On Meeting with the Media

785660.jpg

On Meeting with the Media

Josh Beckett delivered another stellar performance last night. Despite the loss, he went eight innings against the Orioles, giving up only five hits, two runs and striking out five, while not walking a single bird.

It marks the fifth straight start in which Beckett has gone at least seven innings.

But a lot of the talk after the game was about not talking. The fact that Beckett skipped out of the clubhouse before speaking with the media. Here's my take on that:

Obviously, in a perfect world, Josh Beckett speaks to media after every start. After all, there's generally no more important character in any game than the starting pitcher, and in a night where Beckett went eight innings, you figure his voice is pretty essential in telling the story.

Then again, who cares?

Listen, it's one thing if Beckett sucked. Sure, he was the pitcher of record, but his performance was amazing. It's not like this is LeBron or Wade bailing on the podium after back-to-back losses in the Eastern Conference Finals losses that were due in large part to their failure to step up when the game was on the line. No, Beckett was great. He had nothing to answer for. And as it is, I assume he's pretty frustrated about the fact that his teammates have now scored a combined seven runs in his last three starts. Maybe he was better just sneaking out the door, letting off some steam and not having to worry about watching what he says or who he says it to.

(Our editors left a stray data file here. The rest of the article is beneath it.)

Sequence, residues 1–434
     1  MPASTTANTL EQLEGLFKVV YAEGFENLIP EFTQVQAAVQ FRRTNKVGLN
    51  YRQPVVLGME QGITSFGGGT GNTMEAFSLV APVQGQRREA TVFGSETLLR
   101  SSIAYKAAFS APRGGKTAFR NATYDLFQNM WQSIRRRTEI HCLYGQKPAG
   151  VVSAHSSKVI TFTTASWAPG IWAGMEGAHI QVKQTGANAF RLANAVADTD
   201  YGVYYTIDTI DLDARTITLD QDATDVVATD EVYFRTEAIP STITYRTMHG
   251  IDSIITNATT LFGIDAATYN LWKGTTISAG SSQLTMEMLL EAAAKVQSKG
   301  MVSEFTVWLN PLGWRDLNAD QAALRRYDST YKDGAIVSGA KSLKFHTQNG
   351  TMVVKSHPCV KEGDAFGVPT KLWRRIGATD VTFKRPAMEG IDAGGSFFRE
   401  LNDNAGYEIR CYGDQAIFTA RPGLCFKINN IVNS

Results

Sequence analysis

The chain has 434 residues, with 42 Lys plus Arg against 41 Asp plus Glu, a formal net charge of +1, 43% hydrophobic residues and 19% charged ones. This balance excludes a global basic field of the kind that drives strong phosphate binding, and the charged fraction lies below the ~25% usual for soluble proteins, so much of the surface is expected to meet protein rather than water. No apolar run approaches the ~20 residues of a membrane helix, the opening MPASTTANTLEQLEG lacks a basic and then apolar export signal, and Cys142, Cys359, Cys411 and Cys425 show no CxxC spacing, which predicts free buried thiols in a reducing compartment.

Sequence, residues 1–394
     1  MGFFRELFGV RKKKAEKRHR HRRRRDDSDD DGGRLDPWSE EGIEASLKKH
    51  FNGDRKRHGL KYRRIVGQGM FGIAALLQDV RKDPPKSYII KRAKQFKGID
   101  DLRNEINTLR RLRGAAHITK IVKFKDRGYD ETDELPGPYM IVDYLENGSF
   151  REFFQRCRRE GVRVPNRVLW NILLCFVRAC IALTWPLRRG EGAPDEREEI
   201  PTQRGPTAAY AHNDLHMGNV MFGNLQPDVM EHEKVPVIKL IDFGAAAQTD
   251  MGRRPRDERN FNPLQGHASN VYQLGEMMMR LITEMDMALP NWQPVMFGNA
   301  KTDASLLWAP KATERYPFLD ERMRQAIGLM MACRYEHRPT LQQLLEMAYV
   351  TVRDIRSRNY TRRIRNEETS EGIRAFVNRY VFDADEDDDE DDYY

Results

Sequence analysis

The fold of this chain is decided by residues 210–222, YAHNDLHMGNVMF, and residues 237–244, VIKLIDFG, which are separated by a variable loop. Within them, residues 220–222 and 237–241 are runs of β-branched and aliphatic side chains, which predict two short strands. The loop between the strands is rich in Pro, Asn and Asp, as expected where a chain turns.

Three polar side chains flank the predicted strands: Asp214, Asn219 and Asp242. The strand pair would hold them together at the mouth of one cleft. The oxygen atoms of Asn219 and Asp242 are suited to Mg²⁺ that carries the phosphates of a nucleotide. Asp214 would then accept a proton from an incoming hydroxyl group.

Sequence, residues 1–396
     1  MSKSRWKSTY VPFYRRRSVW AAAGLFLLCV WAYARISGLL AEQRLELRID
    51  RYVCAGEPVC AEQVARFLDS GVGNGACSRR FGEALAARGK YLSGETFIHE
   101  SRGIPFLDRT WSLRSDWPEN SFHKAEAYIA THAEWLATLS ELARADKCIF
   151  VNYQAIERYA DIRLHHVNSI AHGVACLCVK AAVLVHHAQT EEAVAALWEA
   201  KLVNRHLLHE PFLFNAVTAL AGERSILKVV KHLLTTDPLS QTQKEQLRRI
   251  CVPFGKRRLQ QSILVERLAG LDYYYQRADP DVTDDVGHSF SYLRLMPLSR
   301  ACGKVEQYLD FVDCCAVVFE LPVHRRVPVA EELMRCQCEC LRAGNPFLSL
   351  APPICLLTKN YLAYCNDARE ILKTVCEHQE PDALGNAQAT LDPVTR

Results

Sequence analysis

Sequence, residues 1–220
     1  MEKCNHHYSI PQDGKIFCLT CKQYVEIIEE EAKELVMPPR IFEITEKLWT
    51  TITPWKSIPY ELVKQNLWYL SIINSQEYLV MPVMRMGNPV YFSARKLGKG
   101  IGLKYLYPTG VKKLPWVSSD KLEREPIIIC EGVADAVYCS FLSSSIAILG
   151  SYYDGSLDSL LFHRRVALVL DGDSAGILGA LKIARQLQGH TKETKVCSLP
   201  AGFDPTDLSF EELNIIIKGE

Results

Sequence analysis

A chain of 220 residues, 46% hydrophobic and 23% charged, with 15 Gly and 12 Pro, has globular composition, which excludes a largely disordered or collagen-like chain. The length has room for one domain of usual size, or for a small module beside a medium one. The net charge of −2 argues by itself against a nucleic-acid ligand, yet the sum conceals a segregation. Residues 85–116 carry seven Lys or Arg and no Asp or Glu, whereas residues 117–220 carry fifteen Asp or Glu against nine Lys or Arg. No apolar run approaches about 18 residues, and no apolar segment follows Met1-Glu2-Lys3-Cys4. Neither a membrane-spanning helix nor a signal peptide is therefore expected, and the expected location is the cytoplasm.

More than anything, I can't believe I'm defending Josh Beckett.

But I am. That's what happens when you pitch like he has been recently. Nothing else matters, and hopefully it can stay that way.

Rich can be reached at rlevine@comcastsportsnet.com. Follow Rich on Twitter at http:twitter.comrich_levine

Sandoval 'starting from scratch' after career fell 'into an abyss'

Sandoval 'starting from scratch' after career fell 'into an abyss'

The Pablo Sandoval redemption tour is underway as the former World Series MVP tries to revive his career after two disastrous seasons with the Red Sox organization.

In an interview with ESPN Deportes, he admits to being “complacent” during his first two seasons in Boston after signing a five-year, $95 million deal. 

"My career had fallen into an abyss because I was so complacent with things that I had already accomplished," Sandoval said. "I did not work hard in order to achieve more and to remain at the level of the player that I am and that I can be."

After dealing Travis Shaw to the Brewers, Sandoval is expected to be the Red Sox primary third baseman in 2017.

"I am not taking anything for granted," he said. "I am here to work hard. I'm not thinking about the position or not. I am starting from scratch, and I am here to show what I can do on the field."

The 30-year-old says he’s following a “really strict routine” this offseason, and it shows. In a recent photo, Sandoval appears noticeably thinner. Sandoval says his wife giving birth to “Baby Panda” has served as inspiration.

"Watching 'Baby Panda' grow up and that he gets the opportunity to see his father play in the majors for seven, eight more years, to get back to the success I had, that's my motivation every day," Sandoval said. "The people that I surround myself with now and my family, they are the key to my success. This has been a life lesson."

Tanguay: Could Red Sox ownership be going for it now, then sell the team?

Tanguay: Could Red Sox ownership be going for it now, then sell the team?

Could John Henry sell ownership of the Boston Red Sox anytime soon, or does he want to keep winning?  Shaughnessy, Merloni, and Tanguay debate.